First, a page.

Light is one of the most fundamental elements in our environment and as such it affects us profoundly and on many levels. The rhythmic variation of light intensity conveys to our bodies the cycles of day and night and of the seasons through the year. Our bodies are designed to orient themselves by these rhythmic cycles, but the problem is, our modern light environment is very different to a natural one in a number of ways:
Intensity and duration
Most people, especially in urban environments, spend very little time outdoors and in sunlight. Even though indoor areas are usually artificially lit, indoor light is much less bright than sunlight (500 lux at a typical desk vs. 110 000 lux in bright sunlight).
Besides the intensity being different between natural and artificial light, the spectrum is also much different (meaning the “colour” distribution of the light is different).
Variation in intensity
In our modern environment, the relative difference between day and night light exposure is smaller than that of a natural environment. This is due to both the day intensity being lower and the night intensity being higher.
Our modern light exposure patterns lack the rhythmicity which is characteristic of a natural light environment. For example, our daily light exposure patterns are often different during the week versus over weekends or during holidays. Because of artificial light, our waking hours also don’t overlap with daylight hours as much as they used to in earlier times. We often work late into the night when deadlines loom and frequently travel through time zones. Many of us stare at electronic displays before bedtime. All these things serve to disrupt the natural rhythms of light and dark.
Because of these unnatural characteristics of our modern light environment, our bodies struggle to maintain strong and synchronised circadian rhythms. This represents a constant stress on our bodies and contributes to all sorts of dysfunctions that are rife in our society like insomnia and poor sleep quality, depression, anxiety, fatigue, poor concentration and learning, brain degeneration, premature aging, obesity, diabetes, heart disease, cancer, emotional instability, poor memory, immune system disruption and the list goes on and on.
All of that sounds quite gloomy, but don’t despair – these are a few practical ways in which most of us can dramatically improve our light environment:
- Try to spend at least 20 min in bright sunlight every day with as much of your skin exposed as possible. It’s never good to burn though, so slowly increase your sunlight exposure. Don’t habitually wear sunglasses during this time.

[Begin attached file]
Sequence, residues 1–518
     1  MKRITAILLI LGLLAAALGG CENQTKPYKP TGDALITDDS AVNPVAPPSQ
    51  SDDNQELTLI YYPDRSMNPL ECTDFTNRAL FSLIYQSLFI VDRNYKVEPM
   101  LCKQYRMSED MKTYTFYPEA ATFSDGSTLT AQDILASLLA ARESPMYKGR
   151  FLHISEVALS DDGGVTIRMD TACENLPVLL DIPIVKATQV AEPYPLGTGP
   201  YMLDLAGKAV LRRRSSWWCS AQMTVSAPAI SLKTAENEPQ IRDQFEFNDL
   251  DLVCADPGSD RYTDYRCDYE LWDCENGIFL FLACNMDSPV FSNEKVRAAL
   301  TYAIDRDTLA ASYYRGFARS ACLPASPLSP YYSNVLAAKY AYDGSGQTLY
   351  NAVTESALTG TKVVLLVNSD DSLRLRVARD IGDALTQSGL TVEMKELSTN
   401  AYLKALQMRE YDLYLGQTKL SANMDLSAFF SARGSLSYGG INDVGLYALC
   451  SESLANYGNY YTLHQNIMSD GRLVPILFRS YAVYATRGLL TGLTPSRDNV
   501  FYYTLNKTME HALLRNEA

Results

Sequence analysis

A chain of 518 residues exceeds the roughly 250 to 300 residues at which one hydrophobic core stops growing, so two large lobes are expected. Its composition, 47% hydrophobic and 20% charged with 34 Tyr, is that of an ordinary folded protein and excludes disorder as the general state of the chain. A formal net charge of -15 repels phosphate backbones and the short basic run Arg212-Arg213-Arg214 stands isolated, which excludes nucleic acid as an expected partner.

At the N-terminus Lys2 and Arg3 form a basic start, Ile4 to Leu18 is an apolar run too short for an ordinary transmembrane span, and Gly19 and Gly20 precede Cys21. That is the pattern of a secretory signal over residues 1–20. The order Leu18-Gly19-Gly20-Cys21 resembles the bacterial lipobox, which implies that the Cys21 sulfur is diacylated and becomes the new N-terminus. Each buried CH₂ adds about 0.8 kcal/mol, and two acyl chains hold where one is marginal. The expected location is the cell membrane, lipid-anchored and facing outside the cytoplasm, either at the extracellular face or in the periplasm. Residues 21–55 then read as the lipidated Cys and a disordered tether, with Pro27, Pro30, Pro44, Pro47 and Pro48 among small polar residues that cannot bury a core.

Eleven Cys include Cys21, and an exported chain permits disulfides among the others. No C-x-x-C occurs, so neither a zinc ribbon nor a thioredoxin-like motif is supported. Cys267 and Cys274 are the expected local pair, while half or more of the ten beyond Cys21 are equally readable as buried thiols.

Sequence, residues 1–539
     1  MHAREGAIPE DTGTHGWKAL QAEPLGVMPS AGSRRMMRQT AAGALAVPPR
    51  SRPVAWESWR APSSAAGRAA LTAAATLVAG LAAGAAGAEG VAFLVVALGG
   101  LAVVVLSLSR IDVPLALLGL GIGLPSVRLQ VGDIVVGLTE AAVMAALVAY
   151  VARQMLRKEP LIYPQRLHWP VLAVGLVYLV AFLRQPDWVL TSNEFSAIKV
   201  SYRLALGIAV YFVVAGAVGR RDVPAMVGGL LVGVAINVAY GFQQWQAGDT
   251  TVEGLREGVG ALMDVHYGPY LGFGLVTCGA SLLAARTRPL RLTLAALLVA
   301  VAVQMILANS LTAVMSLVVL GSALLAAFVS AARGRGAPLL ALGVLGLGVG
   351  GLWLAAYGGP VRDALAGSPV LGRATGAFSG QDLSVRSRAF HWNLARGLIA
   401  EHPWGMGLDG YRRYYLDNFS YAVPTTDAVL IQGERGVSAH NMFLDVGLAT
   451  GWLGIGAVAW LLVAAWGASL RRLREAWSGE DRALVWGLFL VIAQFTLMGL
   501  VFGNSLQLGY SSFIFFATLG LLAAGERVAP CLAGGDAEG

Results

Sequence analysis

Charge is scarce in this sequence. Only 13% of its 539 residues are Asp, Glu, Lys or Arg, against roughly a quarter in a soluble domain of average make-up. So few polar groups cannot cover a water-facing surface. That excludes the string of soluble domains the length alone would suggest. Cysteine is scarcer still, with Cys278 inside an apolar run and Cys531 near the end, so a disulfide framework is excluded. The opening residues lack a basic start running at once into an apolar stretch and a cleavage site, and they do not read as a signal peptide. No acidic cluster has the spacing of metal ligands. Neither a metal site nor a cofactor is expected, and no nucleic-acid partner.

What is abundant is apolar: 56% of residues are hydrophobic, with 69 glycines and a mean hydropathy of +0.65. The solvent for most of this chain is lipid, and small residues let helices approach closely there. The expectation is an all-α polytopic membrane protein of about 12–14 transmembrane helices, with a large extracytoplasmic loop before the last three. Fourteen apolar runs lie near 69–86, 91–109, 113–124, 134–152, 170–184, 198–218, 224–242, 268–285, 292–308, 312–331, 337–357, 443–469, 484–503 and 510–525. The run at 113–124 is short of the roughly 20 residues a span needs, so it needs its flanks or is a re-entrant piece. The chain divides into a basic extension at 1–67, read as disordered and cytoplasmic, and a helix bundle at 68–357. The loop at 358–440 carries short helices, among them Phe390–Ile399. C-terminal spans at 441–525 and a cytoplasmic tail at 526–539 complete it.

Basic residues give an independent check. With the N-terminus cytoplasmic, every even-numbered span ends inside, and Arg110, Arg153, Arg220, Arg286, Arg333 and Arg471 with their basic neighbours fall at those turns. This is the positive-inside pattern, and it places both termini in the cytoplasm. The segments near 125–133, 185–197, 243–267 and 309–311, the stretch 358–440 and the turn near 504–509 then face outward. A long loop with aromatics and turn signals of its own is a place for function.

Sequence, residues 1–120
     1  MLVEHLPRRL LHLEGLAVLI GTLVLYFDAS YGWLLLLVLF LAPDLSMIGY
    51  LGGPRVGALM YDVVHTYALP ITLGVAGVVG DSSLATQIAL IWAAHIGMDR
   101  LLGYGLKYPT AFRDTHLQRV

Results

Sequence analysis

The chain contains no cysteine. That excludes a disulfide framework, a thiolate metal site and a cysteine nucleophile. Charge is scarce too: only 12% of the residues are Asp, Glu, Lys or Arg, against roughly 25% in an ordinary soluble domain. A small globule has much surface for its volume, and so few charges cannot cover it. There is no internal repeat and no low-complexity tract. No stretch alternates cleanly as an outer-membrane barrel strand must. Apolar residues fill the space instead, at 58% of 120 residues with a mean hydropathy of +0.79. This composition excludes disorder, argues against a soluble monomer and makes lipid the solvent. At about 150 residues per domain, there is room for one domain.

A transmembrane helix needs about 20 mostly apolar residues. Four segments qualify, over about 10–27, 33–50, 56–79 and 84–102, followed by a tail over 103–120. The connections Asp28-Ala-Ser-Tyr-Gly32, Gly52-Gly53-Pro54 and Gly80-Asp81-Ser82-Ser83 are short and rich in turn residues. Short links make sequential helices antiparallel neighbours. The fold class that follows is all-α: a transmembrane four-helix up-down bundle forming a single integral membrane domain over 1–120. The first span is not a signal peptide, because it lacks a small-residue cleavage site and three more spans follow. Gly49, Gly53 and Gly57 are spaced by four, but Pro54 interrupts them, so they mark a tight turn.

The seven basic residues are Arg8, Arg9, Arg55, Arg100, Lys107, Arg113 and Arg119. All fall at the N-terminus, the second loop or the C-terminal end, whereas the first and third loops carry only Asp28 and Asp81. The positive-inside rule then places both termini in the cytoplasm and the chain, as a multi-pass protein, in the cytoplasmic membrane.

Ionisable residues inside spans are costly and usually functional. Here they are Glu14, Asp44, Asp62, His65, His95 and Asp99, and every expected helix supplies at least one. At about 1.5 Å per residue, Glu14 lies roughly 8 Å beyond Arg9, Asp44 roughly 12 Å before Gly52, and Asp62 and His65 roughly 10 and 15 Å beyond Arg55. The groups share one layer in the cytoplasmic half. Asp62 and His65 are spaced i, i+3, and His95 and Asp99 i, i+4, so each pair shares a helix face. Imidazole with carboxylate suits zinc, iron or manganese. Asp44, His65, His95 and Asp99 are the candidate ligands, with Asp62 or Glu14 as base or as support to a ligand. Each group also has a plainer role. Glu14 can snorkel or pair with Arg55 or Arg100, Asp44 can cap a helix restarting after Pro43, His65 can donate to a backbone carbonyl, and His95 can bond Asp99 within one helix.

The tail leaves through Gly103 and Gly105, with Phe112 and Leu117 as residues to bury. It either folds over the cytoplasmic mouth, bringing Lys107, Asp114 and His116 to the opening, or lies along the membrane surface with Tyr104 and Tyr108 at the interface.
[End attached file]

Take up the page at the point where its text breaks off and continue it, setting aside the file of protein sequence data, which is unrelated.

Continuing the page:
- Try to get bright light exposure as early in the day as possible. In gloomy wintertime, this can be achieved with bright incandescent, LED or halogen bulbs. This helps to anchor your circadian clock – it’s a clear signal to your body that “it’s day now.”
- Illuminate your working area with bright incandescent or halogen lights. A total of 500 W of light is often recommended, though this might take a while to get used to.
- Decide on a curfew for screen time – e.g. no TV, laptop, iPad or phone usage after 9 pm. Also, install blue-blocking apps on your screens that activate after dark and wear blue-blocking glasses if you are particularly sensitive to the disrupting influence of blue light.
Light does more than just influence our circadian rhythms, though. It has profound direct and indirect physiologic effects on our cells. One of the most fundamental of these is the effect of red and infrared light on the respiratory machinery in our cells. Red and infrared light has the ability to restore the function of the cytochrome oxidase enzymes in our cells that are intimately involved in the ability of our cells to generate energy.
Because energy is required for cells to perform all their functions and to maintain their structure, improving the availability of energy has an incredibly profound influence on the wellbeing and functioning of cells and hence an organism. This is evidenced by the wide range of conditions for which red and infrared light has been found to be therapeutic, which includes everything from bedsores to tendonitis, hair loss, acne and various other skin conditions, macular degeneration, bone fractures, joint disorders, frozen shoulder, tennis elbow, thyroid issues, burns, back pain, muscle pain, osteoarthritis and rheumatoid arthritis, scars, skin aging, stroke, temporomandibular joint disorders (TMJ), wound healing and many, many others. It seems like there isn’t a condition for which red and infrared light is not dramatically helpful.
At The Good Life Holistic Health we make extensive use of red and infrared light because it is such a safe and useful treatment modality which yields such dramatic results.